LETTERS: Teriya makes us proud

Teriya Fauja Magar from Nepal has made the country proud for the fact that once again she has been able to show her talent in a real sense. She went on to win a famous Indian dance competition called Dance India Dance on Saturday.

Before this, she also won another famous Indian dance competition called Jhalak Dikhla Ja in order to shine brightly with her talent. Her victory has ensured the fact that a participant from Nepal can perform well even out of the country, provided if s/he works very hard.

The rest of the things depends on his/her luck which has to be there for success. The victory also provided her IRs. 3,000,000 in cash which is the highest amount in the history of an Indian reality television show.

Now let’s hope and even pray her that she wins more titles like that to create a hat-trick in the same country in order to make Nepal and Nepalese feel proud and delighted.

Pratik Shrestha, Baneshwor


An overwhelming initiative taken by the Department of Transport Management (DoTM) to replace the small-sized public vehicles by large ones and to phase out vehicles older than 20 years is noteworthy “Vehicles older than 20 years to be phased out” (THT, January 19, Page 1).

The quality of air in the Valley has degraded owing to the vehicular emissions. Once the older vehicles get banned from plying in the Valley, we can anticipate that the air quality would improve significantly giving the Valley denizens something to cheer up.

Needless to say, it would be a great relief for the patients encountering several health hazards owing to degrading quality of air. Once the small-sized vehicles get replaced by the larger ones, traffic congestion would be mitigated. Not only this, the Valley residents can get rid of several health hazards and many types of accidents resulting from congested traffic.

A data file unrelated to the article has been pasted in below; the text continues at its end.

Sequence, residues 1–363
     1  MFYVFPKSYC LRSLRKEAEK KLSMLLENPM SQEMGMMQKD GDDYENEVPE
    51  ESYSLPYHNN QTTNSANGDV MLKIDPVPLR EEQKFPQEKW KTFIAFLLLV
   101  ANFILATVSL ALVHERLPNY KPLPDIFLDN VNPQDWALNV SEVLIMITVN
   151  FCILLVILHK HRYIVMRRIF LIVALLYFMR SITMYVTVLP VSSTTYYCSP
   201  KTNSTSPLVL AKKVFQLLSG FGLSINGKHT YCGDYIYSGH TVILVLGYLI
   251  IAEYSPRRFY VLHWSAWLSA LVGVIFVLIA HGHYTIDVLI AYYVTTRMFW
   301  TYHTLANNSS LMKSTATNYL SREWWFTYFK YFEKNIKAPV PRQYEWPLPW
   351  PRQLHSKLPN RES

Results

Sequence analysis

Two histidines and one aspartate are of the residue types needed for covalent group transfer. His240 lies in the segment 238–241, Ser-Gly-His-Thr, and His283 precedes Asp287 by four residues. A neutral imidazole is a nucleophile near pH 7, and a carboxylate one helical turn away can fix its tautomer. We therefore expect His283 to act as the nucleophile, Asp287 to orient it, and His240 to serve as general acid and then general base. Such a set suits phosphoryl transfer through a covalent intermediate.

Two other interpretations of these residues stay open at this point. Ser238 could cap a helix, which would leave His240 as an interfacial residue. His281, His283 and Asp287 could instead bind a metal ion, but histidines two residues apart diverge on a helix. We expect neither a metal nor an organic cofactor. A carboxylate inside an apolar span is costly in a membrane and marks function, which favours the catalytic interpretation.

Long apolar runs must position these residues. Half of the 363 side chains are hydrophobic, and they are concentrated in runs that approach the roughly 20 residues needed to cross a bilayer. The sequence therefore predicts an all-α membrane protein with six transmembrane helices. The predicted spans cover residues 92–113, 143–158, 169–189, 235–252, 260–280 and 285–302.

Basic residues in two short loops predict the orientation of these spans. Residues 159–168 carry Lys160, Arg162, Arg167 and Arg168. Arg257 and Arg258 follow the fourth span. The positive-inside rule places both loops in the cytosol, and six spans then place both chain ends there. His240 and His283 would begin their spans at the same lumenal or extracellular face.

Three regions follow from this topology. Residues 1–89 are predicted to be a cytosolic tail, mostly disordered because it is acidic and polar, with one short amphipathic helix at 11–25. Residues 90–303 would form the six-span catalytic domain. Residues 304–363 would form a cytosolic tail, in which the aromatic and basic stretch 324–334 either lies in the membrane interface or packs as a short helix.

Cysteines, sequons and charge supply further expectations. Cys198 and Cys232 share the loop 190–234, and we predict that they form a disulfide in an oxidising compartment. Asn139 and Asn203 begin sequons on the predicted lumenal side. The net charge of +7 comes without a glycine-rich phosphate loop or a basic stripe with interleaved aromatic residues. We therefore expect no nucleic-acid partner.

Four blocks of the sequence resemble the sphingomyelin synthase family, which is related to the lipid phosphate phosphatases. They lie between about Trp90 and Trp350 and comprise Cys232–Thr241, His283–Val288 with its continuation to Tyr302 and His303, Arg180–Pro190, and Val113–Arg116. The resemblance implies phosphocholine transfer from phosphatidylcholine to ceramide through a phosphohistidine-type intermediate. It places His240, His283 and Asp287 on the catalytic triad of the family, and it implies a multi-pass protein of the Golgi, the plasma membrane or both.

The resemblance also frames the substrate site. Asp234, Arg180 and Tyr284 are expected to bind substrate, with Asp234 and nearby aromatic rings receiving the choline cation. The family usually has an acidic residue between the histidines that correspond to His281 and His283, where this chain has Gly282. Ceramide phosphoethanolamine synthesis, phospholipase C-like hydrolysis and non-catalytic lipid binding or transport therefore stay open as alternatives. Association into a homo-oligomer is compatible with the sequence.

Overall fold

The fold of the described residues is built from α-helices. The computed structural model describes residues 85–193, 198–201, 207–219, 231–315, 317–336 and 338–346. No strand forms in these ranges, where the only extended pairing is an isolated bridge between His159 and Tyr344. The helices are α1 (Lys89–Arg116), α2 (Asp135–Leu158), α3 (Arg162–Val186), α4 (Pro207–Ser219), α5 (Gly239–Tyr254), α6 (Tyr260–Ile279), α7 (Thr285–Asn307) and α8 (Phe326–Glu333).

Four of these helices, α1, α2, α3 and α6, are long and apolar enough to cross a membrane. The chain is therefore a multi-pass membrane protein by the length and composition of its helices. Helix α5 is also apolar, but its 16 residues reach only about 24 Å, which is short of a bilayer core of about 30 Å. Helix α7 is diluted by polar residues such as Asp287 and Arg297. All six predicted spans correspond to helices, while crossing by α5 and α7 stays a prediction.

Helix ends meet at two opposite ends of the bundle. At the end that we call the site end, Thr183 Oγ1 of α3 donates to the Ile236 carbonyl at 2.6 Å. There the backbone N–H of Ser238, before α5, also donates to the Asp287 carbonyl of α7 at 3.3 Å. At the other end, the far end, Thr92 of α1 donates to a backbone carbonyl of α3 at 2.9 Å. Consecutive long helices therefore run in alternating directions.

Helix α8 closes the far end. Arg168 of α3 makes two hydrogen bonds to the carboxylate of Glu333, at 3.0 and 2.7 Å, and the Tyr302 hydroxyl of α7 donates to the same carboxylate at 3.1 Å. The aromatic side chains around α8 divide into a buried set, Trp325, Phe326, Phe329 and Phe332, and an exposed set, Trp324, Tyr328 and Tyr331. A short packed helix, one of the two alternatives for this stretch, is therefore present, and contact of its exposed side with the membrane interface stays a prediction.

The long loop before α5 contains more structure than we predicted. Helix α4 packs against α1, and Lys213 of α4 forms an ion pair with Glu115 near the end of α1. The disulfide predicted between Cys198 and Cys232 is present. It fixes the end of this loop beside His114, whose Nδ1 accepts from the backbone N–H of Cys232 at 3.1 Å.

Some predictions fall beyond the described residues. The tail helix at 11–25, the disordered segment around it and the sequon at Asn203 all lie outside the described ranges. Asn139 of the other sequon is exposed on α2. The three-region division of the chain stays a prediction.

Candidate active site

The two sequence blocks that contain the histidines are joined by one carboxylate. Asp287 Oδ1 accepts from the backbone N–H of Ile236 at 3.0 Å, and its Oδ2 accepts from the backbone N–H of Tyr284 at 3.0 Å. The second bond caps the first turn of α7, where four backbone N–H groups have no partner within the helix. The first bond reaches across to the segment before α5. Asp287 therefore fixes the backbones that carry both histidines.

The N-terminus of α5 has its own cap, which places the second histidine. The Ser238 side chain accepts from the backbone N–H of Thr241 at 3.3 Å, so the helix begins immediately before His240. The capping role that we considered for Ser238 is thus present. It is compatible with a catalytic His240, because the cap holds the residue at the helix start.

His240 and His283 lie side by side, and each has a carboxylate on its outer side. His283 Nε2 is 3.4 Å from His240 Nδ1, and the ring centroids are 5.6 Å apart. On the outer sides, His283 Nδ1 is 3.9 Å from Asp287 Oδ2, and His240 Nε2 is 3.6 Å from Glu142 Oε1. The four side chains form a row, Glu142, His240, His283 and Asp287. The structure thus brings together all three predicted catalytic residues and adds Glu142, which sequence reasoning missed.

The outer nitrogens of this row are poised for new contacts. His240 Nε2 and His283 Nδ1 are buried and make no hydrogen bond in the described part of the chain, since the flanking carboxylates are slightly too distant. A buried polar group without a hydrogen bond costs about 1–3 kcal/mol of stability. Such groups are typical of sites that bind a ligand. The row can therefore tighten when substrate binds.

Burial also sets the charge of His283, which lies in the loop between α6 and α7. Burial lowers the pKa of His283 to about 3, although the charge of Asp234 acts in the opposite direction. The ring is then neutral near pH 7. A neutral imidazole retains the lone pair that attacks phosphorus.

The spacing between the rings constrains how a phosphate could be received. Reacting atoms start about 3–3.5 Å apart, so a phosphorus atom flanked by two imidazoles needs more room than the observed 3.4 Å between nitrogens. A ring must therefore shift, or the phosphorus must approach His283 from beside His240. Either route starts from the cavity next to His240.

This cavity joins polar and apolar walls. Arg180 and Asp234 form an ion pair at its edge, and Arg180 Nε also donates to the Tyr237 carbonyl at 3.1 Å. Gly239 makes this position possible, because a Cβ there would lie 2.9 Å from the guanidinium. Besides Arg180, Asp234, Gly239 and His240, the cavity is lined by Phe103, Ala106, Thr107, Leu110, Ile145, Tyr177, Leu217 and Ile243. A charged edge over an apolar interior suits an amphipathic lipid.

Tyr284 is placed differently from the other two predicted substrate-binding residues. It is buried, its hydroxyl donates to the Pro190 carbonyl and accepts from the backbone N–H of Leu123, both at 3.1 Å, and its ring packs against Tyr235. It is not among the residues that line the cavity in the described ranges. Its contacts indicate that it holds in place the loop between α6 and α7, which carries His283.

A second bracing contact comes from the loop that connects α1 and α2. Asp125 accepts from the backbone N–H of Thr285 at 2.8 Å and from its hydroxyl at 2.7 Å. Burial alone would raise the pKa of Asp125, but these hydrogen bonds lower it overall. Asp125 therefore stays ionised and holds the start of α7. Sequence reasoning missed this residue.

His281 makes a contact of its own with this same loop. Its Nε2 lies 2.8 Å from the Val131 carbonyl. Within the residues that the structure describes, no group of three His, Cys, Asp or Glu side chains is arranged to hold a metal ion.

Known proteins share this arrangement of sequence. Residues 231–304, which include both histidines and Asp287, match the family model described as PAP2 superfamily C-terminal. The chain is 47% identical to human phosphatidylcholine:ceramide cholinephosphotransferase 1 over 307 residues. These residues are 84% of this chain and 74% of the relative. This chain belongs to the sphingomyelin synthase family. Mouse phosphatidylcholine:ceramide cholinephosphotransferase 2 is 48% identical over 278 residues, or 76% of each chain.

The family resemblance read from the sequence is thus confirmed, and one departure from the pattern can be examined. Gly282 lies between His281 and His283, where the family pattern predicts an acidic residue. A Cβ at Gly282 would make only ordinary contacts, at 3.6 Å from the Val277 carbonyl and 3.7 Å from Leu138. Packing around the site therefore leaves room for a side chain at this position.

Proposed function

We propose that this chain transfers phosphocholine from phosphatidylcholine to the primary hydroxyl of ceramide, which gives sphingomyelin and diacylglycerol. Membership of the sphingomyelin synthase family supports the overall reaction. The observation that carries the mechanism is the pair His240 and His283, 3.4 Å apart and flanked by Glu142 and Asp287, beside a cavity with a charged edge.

At the same time, the DoTM must assure reasonable incentives to the owners of small-sized vehicles.

Furthermore, the operation of environment-friendly metro buses may add glory to this venture “Preparation to operate metro buses in the Valley in full swing” (THT, January 18, Page 2).

Sanjog Karki, Tansen


Nepalese people voicing their concerns regarding Donald J. Trump becoming the 45th president of The United States of America seems a bit unnecessary to me.

Many have voiced their doubts and general statements of fear on the social media about possible deportation to the country they were born and the immigration laws becoming tougher. If you are qualified and deemed fit and enter legally, Trump administration has said they are more than willing to welcome you.

Seeking illegal means and showing signs of desperation to immigrate are unwelcome so, I believe people with genuine intentions will not fear Trump - at least in immigration terms!

Vineet Kadel, Kathmandu